The trade organization that represents some 150 broadband service providers and industry suppliers has debuted a report on the availability and speed of high-speed Internet in the state. The Indiana Report on Broadband Progress shows what the Indiana Broadband and Technology Association says is a "dramatic" improvement in recent years in broadband access throughout the state. High-speed Internet access, especially in rural areas, is the subject of much discussion and is part of Governor Eric Holcomb's 2018 legislative agenda.
IBTA President John Koppin says the companies his organization represents are "all about serving Hoosiers with broadband and every way we can do that is being exhausted at this point." Koppin says increasing access is not without its challenges. "The cost of placing fiber in rural locations can range from $25,000-$50,000 per mile and fiber is, in large part, is going to be the highway that drives all of this. It ends up being the connector for cell phones and small cells and macro-cell towers, as well as other fixed-wireless products, so it's very important for us to be able to get that in, but it's also very expensive," he said in an interview with Inside INdiana Business.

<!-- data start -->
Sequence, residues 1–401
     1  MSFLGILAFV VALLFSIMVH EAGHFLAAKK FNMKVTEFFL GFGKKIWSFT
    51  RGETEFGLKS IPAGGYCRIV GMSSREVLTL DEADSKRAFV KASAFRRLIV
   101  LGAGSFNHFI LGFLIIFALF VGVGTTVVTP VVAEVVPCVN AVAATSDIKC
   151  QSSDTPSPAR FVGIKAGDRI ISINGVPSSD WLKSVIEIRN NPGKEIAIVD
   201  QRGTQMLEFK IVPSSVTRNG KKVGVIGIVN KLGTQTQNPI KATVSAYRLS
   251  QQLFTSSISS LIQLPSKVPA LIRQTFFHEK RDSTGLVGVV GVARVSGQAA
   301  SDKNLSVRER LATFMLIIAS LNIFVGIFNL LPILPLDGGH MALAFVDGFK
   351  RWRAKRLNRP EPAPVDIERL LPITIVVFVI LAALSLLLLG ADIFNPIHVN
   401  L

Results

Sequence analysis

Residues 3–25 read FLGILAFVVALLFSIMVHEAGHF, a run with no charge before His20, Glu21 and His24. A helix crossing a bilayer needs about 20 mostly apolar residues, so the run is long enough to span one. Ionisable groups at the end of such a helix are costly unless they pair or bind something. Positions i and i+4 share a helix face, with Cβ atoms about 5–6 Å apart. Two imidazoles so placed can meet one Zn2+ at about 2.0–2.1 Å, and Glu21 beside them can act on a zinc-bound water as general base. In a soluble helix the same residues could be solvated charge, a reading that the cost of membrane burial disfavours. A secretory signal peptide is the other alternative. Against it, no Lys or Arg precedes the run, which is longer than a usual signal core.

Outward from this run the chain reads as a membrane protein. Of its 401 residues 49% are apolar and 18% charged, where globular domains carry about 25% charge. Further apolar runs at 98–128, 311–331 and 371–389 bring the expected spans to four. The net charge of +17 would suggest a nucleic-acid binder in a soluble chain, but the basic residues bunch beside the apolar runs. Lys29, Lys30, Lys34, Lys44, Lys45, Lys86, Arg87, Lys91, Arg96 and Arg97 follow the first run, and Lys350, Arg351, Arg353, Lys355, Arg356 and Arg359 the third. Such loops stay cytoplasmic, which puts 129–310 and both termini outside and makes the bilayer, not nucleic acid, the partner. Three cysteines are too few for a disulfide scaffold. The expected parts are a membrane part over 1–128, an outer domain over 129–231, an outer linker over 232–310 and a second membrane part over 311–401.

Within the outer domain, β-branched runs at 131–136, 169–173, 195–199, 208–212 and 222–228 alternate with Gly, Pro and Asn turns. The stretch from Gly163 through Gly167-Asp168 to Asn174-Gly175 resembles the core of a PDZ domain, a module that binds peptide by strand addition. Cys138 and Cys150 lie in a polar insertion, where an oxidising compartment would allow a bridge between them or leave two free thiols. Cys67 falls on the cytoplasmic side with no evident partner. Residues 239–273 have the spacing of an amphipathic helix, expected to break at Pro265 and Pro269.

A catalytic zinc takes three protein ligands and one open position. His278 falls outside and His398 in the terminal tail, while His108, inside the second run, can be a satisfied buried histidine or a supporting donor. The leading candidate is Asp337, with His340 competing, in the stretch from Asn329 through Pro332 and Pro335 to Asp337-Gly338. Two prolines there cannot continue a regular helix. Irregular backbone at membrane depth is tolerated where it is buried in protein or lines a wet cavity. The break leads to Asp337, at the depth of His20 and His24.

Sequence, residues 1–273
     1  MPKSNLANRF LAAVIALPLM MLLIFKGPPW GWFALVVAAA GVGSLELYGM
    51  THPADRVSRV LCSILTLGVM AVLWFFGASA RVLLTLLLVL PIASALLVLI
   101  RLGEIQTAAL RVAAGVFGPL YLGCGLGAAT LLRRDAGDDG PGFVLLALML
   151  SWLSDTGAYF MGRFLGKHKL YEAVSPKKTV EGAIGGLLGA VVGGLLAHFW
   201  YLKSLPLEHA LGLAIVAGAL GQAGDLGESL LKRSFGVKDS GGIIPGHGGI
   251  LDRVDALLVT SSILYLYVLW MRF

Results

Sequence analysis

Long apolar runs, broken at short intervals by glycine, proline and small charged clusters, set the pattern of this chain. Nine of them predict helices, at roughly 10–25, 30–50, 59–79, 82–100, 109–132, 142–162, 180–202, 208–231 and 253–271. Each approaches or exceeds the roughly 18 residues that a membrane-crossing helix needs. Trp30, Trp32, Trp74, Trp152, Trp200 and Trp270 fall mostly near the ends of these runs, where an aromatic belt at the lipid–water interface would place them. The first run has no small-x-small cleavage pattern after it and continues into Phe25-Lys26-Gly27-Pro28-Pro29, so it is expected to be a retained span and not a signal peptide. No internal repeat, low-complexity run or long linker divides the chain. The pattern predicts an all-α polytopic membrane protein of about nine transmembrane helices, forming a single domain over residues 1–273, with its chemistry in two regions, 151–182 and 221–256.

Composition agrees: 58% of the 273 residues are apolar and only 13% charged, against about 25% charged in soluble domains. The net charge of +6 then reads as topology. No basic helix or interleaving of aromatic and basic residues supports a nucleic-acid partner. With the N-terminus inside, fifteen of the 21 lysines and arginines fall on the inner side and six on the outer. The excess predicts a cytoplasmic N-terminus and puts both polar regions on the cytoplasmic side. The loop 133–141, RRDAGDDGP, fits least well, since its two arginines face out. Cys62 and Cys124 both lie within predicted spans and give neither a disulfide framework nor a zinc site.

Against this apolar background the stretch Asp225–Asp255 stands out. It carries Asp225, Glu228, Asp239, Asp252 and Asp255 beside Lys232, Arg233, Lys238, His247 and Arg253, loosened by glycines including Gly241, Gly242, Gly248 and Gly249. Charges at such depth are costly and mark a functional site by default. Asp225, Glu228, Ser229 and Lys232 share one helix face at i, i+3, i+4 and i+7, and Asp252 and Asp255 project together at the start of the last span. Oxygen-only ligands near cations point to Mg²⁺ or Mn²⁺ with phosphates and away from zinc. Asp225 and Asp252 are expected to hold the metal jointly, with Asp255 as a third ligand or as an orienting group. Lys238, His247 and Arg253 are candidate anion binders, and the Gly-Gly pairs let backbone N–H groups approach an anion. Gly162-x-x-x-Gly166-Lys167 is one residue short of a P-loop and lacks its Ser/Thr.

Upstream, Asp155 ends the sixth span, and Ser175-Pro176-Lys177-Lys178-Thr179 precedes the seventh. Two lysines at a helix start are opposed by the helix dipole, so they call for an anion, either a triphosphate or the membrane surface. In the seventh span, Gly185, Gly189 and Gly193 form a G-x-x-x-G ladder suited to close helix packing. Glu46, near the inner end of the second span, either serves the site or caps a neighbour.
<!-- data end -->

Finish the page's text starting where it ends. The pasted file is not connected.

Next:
Two bills are under consideration at the Statehouse involving broadband access. Senate Bill 356 would provide grant money for communities or school corporations through the Indiana Office of Community and Rural Affairs. House Bill 1297 better aligns state technical standards with those of the Federal Communications standards and redefines access classifications.
The report says in 2008, 14 percent of Hoosiers had access to Internet service with 10 Mbps download speeds. That number, the association says, has jumped to more than 90 percent currently.
You can connect to the full report by clicking here. The IBTA plans to release a new report each year.
Open Enrollment is upon consumers again and there are likely questions on what they should do in terms of health care coverage for 2020. Options for coverage can be overwhelming, but consumers can choose a plan that fits them best through education on open enrollment, understanding what’s new in terms of health plans and learning of any changes going into 2020.
The Indiana Housing & Community Development Authority has selected a Chicago nonprofit to participate in a new workforce housing program in East Chicago, according to our partners at The Times of Northwest Indiana. The nonprofit organization A Safe Haven Foundation was awarded a $700,000 grant from the IHCDA that will support the new construction of single-family homes in the West Calumet neighborhood.
ArcelorMittal plans to idle a blast furnace at its Indiana Harbor West in East Chicago. A spokesperson tells our partners at The Times of Northwest Indiana employees will be reassigned and there will be no layoffs as a result of the move.
By Darrell Mitchell, President & CEO, Progress House and Barbara Scott President & CEO, Aspire Indiana
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